There's a simple technology fix, mind you. Unfortunately, it can't get manufactured, because no manufacturer can afford to be sued if it fails. So babies will die after pulling all of their own hair out, and we can all thank the damn tort lawyers for one more thing.
The other thing that was interesting about this cheap device, developed by some NASA scientists after a local tragedy, was the poor test-marketing results. Seems that very few people thought it could happen to them.
But it could. There are things like broken loves, that you want to forget, but can't. And there are things you must remember - but can't guarantee you will. The universe is an amazing place. Just not always a friendly one.
Absent technology, my recommendation? Make the autopilot work for you instead. Every time you get out of the car, even if your child isn't in it, open the door and physically feel the child's seat. Do it without fail enough times, and it becomes an autopilot sequence of its own, associated with the presence of that booster seat. Once the seat disappears, it will eventually extinguish, though you might feel kind of foolish for a while.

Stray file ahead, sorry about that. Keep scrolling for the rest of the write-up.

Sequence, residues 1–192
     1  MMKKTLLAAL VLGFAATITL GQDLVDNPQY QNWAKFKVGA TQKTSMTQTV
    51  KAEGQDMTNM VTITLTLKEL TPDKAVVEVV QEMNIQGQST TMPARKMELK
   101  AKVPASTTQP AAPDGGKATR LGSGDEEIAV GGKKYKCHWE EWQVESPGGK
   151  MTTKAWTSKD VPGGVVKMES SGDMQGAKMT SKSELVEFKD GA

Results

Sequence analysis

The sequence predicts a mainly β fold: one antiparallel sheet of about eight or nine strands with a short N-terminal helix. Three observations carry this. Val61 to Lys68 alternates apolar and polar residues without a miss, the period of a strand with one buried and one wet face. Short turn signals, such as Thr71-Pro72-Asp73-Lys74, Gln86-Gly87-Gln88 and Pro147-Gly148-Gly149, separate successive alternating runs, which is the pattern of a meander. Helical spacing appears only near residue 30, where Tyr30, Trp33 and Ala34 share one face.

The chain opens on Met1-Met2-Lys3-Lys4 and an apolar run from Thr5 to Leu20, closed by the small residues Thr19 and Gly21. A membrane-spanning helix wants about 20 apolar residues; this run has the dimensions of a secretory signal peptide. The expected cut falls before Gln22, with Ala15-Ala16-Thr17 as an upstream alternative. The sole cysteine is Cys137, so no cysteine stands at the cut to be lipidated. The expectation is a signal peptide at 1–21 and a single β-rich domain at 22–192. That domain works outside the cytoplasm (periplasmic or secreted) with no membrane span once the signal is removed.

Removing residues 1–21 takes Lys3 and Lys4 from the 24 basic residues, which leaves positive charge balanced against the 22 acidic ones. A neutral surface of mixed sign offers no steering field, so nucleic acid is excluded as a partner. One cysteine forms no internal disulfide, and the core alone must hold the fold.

Then again, consider the possible alternative.
It takes a lot of balls to cover Hendrix, but musician Ron Pope said he grew up wanting to play like Jimi. Ron himself acknowledges that no-one can really play like Hendrix, so he had to develop his own style. But as this live cover demonstrates, he can come pretty damn close. He's getting a lot of dislikes on YouTube for something that isn't his fault, so if you feel like raising the level of justice in the world, give him some props.
Here's the original, on Hendrix' "Axis: Bold As Love" album. The triangle actually adds a lot.
Caroline Glick's "Caution: Storm Approaching" looks at the economic convulsions that underpin the Arab world's current political convulsions. Her conclusion is that those convulsions are about the get worse before they get better. It doesn't help that the same hate-spawning, dysfunctional political systems are big contributors to the Arabs' lack of economic progress as well. Nor does it help that key economies around the world cannot pretend away problems forever, but appear to be trying. The reckoning always comes, and the fallout from each side is about to affect the other.
Of course, replacing current governance in Arab/Islamic countries with an even more hate-filled and more dysfunctional system of Islamic theocracy - all that does is double down on human disaster and misery. It remains to be seen which way things tip. Revolution =/= progress; they are linked but ultimately separate variables.
On which topic, Brett Stephens had a useful reminder the other day, about courage...